The main reason why I, Robot is so good is because it’s an honest look at the ethics of artificial intelligence. Both our creation of AI and how they would act in our world. One thing I really like about the Three Laws, for example, is that Isaac Asimov conceived of them because he believed that’s what we’d actually do if we created such mechanical men, as opposed to the common plot of robots gaining sentience and overthrowing humans.
“Knowledge has its dangers, yes, but is the response to be a retreat from knowledge? Or is knowledge to be used as itself a barrier to the dangers it brings?” –Isaac Asimov
I often think about what makes a story good. Though there are, of course, many factors, one thing that make a story great is how true and honest it is. Neil Gaiman has said, “Fiction is a lie that tells true things.” If your story is a genuine exploration of a theme, readers will resonate with it. I, Robot, though a series about robots, has stood the test of time because it’s a genuine exploration of ethics, AI, and the Three Laws.
Reason is a short story that is actually part of the book I, Robot I mention above. So you can take it as part of number 2 or number 3 on this ranking list. This short story is about a robot named QT-1 who reasons about his existence in a Cartesian kind of way, which ends up being quite hilarious. It’s a really great little story that I can’t recommend enough. You can read it here.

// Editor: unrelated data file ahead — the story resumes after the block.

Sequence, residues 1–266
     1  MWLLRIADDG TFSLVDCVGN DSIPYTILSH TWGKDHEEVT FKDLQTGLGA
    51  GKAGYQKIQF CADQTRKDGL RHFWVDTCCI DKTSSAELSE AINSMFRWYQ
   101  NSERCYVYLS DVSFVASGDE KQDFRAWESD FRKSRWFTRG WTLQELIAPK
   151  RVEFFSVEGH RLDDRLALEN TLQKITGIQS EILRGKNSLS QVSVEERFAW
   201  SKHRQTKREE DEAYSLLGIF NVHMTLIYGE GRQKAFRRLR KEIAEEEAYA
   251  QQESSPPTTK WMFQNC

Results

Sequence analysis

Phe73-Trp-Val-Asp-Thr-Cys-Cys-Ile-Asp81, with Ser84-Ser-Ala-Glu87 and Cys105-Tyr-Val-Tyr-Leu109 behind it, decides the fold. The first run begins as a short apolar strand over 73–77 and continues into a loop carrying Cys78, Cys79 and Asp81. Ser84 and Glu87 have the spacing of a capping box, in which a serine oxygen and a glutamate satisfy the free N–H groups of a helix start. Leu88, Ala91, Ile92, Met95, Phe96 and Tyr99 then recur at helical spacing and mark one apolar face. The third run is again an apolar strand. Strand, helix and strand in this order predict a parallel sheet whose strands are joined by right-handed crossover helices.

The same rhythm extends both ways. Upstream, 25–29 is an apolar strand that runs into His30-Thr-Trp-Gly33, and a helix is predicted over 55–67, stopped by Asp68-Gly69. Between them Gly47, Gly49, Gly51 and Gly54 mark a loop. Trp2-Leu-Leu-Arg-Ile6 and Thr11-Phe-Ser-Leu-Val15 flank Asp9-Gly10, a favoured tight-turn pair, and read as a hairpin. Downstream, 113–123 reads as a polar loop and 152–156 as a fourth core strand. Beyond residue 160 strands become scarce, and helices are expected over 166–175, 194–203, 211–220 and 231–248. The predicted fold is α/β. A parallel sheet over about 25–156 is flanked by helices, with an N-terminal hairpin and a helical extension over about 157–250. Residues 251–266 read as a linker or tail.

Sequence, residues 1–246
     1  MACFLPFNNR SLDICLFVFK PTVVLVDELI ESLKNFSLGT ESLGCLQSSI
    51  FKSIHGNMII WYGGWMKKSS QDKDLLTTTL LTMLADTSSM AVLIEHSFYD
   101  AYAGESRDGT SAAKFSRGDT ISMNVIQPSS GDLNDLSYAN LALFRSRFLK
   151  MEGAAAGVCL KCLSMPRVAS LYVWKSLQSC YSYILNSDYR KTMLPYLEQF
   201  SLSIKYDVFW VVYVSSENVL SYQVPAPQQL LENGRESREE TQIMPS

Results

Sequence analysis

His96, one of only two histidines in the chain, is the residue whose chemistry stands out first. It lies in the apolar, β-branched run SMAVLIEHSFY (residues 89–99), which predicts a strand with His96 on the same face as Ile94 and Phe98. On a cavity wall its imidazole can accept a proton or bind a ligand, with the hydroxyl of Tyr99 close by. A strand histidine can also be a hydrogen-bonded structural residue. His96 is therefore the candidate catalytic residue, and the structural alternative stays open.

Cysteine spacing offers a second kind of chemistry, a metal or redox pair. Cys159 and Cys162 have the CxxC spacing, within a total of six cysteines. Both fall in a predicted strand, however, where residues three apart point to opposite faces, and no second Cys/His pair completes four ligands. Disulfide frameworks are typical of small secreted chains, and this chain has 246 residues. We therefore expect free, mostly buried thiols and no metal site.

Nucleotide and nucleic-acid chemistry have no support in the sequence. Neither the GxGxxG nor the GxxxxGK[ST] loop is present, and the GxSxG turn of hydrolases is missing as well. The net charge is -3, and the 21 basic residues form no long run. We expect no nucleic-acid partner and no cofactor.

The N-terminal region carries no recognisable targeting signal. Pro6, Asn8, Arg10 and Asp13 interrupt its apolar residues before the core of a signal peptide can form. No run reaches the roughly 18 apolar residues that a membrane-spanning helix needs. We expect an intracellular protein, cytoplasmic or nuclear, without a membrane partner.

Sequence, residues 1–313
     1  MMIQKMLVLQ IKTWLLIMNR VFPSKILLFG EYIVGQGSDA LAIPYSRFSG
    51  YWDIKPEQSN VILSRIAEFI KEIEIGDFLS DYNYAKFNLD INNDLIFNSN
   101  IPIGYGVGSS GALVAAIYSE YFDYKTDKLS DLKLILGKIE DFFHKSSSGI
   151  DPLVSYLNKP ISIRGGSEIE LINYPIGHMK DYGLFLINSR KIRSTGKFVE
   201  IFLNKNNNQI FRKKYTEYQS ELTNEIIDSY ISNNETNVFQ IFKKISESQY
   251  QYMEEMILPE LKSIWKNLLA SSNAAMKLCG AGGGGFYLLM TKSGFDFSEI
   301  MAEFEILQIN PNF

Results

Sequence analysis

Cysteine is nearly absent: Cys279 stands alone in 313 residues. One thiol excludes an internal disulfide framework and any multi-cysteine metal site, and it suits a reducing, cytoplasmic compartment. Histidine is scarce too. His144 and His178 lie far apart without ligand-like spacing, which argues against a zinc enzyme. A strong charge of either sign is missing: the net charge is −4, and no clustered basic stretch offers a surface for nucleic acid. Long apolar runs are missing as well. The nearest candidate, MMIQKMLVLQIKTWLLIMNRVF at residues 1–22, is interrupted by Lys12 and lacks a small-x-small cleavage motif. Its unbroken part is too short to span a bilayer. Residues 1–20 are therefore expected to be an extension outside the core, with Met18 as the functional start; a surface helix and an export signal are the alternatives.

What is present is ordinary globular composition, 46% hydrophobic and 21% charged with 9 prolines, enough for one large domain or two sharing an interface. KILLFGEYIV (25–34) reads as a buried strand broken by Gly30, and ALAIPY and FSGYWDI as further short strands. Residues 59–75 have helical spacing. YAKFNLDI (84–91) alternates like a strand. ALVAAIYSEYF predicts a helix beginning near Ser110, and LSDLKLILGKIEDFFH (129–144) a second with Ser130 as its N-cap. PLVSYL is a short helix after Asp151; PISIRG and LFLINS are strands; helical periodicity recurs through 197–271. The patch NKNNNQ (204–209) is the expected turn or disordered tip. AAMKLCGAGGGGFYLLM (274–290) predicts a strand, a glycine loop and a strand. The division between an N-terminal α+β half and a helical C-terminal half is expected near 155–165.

4. Fahrenheit 451
Fahrenheit 451 by Ray Bradbury is another classic even outside the genre of science fiction. It tells the tale of Guy Montag, a firefighter who burns books and starts fires rather than putting them out. Like 1984’s Winston Smith, he doesn’t really think about the ethics of his job or about anything in particular until he meets a woman named Clarisse. Then he starts realizing that maybe burning books is not really a good thing to do.
Like 1984 and Brave New World, Fahrenheit 451 presents a state of affairs we should actively avoid. The world it seems has succumbed to a constant numbing of itself. People rarely have face to face interactions and are constantly watching tv or listening to their headphones/seashells. In addition, they’ve come to believe that books don’t really contain anything valuable at all. It also presents that *false* dichotomy of being happy and ignorant, or being knowledgeable and unhappy.
Anyhoo, 451 is really well written and a creative story about censorship, mass media, and a mindless versus a book-filled life. It reminds me of my recent departure from social media to focus more on reclaiming my attention and engaging in deep work.
5. The Demolished Man